Here is a collection of resources pertaining to Green Infrastructure. This certainly is not a complete list, but rather tailored to our GI Code Audit. If there are any other frequently asked questions, the list will be expanded on.
Areas landscaped for catching and filtering stormwater before entering the ground. Bio-retention can be of any scale and consists of a grass buffer strip, sand bed, ponding area, organic layer or mulch layer, planting soil, and plants.
a tank for storing collected stormwater, creates a reservoir for non-potable uses such as flushing a toilet or irrigation.
For more information, click here.
Combined Sewer Overflow (CSO)
A combined sewer system (CSS) collects rainwater runoff, domestic sewage, and industrial wastewater into one pipe. Under normal conditions, it transports all of the wastewater it collects to a sewage treatment plant for treatment, then discharges to a water body. However, when rainwater is falling and collecting at a faster rate than the system can handle, it creates an overflow.
Streets that have accommodation for everyone. They serve pedestrians, motorists, cyclists, and public transit riders. Complete streets offer safe crossings and easy access to shops, and also has green space intermixed.
FEMA Flood Insurance Program
A program that enables property owners in participating communities to purchase insurance protection, administered by the government, against losses from flooding, and requires flood insurance for all loans or lines of credit that are secured by existing buildings, manufactured homes, or buildings under construction, that are located in a community that participates in the NFIP. The program is offered by the Federal Emergency Management Agency (FEMA).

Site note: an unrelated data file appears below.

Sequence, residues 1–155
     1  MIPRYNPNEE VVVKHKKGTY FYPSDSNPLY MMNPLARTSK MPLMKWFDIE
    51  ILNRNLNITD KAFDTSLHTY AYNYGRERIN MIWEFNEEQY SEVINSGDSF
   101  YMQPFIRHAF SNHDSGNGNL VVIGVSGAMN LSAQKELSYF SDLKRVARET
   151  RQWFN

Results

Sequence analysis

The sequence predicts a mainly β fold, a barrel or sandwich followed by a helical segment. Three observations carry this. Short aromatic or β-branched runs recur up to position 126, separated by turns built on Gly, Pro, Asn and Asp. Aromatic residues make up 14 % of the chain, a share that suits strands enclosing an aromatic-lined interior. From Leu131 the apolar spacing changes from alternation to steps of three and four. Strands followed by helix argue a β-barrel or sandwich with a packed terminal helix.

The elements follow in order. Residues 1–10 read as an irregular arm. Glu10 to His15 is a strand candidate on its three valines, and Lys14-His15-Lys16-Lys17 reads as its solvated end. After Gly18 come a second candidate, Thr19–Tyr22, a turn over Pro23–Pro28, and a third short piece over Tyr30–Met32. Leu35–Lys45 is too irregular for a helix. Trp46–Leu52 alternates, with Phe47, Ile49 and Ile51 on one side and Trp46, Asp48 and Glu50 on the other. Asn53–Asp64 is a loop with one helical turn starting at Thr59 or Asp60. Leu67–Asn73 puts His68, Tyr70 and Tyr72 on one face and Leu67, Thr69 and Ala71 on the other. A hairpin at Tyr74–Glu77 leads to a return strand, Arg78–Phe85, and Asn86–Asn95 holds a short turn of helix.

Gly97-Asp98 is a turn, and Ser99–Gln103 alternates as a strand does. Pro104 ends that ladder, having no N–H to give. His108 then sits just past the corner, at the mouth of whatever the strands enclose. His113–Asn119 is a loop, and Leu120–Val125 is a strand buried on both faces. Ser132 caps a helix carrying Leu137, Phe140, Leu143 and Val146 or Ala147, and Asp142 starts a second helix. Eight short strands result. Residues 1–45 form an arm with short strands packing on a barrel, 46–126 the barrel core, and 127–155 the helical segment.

Streams that are only present hours or days after rainfall and wet seasons. These streams cease to flow for weeks and months at a time when weather is warm and dry.
A type of alternative turnaround structure that can be used in low density residential areas.
A path physically separated from motor vehicle traffic by an open space or barrier and either within a public right of way or easement, which accommodates two-way non-motorized travelers including pedestrians, bicyclists, joggers, and skaters.
Natural Resource Inventory (NRI)
compiles and describes important naturally occurring resources such as forests, wetlands, surface and ground waters, and farmland within a given locality (e.g., municipality, watershed, or region).
non-consumption uses of space, such as wildlife observation, biking, walking, and canoeing. The objective of passive recreation is to limit the disturbance on ecosystems while enjoying the outdoors.
Right of Way Width
The width of road and sidewalks, as well as the green space in between the two, that is reserved for public use. Beyond the right of way is typically private property.
Transfer of Development Rights (TDR)
An incentive based program that allows landowners to sell development rights from their land to a developer or other interested party who then can use these rights to increase the density of development at another designated location.
Some local roads (usually longer, more continuous roads) have 2 travel lanes, whereas others are “queuing streets”. A queuing street has only 1 travel lane (when on-street parking is well-used) and drivers must pull over to allow oncoming traffic to pass. Queuing streets have 2 main benefits:
- Containing built-in traffic calming to lower the speed of traffic, and
- Minimizing the pavement width, which reduces the demand on the drainage system and minimizes the environmental impact.
Resources from The Center for Watershed Protection